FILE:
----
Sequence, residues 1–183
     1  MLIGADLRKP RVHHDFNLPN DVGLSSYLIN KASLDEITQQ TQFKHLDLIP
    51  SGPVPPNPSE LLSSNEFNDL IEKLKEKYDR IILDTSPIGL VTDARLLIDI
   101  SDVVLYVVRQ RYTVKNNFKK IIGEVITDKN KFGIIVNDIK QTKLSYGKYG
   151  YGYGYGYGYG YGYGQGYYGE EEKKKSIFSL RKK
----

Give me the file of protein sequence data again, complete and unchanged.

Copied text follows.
Sequence, residues 1–183
     1  MLIGADLRKP RVHHDFNLPN DVGLSSYLIN KASLDEITQQ TQFKHLDLIP
    51  SGPVPPNPSE LLSSNEFNDL IEKLKEKYDR IILDTSPIGL VTDARLLIDI
   101  SDVVLYVVRQ RYTVKNNFKK IIGEVITDKN KFGIIVNDIK QTKLSYGKYG
   151  YGYGYGYGYG YGYGQGYYGE EEKKKSIFSL RKK